Then Hopetoun he follow'd, but came not alone,
For Anglesea's leg likewise knelt at the throne.

Derry down, &c.

But the King look'd around him, as fain to survey,
When the warlike departed, the wise of the day,
And he whisper'd the herald to summon in then
The legion of Blackwood, the brightest of men!
Derry down, &c.

Oh noble the sight was, and noble should be
The strain, that proclaims, mighty legion, of thee!
The tongue of an angel the theme would require,
A standish of sunbeams, a goose quill of fire.

Derry down, &c.


Like old Agamemnon resplendent came forth,
In garment embroider'd, great Christopher North;
He knelt at the throne, and then turning his head,-
"These worthies are at the King's service," he said.
Derry down, &c.

[ocr errors]


Extempore Effusion.

"Oh, Sire! though your will were as hard to attain,
As Gibraltar of old to the efforts of Spain,
The men who surround you will stand, and have stood,
To the last dearest drop of their ink and their blood.
Derry down, &c.

"From the Land's End to far Johnny Groat's, if a man
From Cornwall's rude boors to MacAllister's clan,
Dare raise up his voice 'gainst the church or the state,
We have blisters by dozens to tickle his pate.
Derry down, &c.


We have Morris, the potent physician of Wales,
And Tickler, whose right-handed blow never fails,
And him, who from loyalty's path never wander'd,
Himself, swate Odoherty, knight of the standard.
Derry down, &c.

"We have sage Kempferhausen, the grave and serene ;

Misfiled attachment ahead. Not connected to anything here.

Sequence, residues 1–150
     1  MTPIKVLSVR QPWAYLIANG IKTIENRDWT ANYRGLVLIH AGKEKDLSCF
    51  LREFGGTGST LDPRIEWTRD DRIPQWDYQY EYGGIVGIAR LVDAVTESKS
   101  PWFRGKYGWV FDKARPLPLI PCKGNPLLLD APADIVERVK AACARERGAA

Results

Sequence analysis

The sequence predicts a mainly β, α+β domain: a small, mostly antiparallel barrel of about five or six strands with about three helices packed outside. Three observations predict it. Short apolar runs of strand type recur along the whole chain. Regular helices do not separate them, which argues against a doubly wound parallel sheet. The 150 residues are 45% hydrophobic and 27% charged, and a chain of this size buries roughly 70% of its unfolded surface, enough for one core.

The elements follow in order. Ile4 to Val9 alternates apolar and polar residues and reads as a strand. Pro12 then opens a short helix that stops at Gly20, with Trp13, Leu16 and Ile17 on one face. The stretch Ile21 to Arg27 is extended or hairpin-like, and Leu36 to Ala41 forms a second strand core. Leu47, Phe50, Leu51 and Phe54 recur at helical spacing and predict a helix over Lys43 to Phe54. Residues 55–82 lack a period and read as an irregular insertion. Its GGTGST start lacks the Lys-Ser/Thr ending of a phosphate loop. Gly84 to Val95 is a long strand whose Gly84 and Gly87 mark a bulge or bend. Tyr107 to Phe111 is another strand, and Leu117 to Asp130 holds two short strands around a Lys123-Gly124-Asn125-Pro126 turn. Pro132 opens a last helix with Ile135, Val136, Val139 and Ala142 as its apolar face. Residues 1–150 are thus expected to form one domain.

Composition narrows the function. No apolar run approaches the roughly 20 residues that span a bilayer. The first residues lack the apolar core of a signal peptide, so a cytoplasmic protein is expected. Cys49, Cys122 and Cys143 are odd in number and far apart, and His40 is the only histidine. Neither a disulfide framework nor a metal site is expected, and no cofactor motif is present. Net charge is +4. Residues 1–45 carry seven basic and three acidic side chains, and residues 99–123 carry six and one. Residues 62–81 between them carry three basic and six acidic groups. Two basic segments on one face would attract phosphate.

And Eremus Marischall from far Aberdeen;
Hugh Mullion, the Grass-market merchant so sly,
With his brethern Malachi and Mordecai.

Derry down, &c.

66 We have also James Hogg, the great shepherd Chaldean,
As sweetly who sings as Anacreon the Teian;
We have Delta, whose verses as smooth are as silk;
With bold William Wastle, the laird of that ilk.
Derry down, &c,

"We have Dr Pendragon, the D. D. from York,
Who sports in our ring his huge canvas of cork;
And General Izzard, the strong and the gruff,
Who despatches his foes with a kick and a cuff,
Derry down, &c.

"We have Seward of Christchurch, with cap and with gown,
A prizeman, a wrangler, and clerk of renown;
And Buller of Brazen-nose, potent to seek

A blinker for fools, from the mines of the Greek.

Derry down, &c.

"We have Ciecro Dowden, who sports by the hour,
Of all the tongue-waggers the pink and the flower;
And Jennings the bold, who has challenged so long
All the nation for brisk soda-water, and song,

Derry down," &c.

[ocr errors]

"Nicol Jarvie from Glasgow, the last, and the best
Of the race, who have worn a gold chain at their breast;
And Scott, Jamie Scott, Dr Scott, a true blue,
Like the steel of his forceps as tough and as true.
Derry down, &c.

Methought that the King look'd around him, and smiled;
Every phantom of fear from his breast was exiled,
For he saw those whose might would the demagogue chain,
And would shield from disturbance the peace of his reign.
Derry down, &c.

But the best came the last, for with duke and with lord,
Methought that we feasted, and drank at the board,
Till a something the bliss of my sweet vision broke-
'Twas the watchman a-bawling, ""Tis past ten o'clock.”
Derry down, &c.

« PreviousContinue »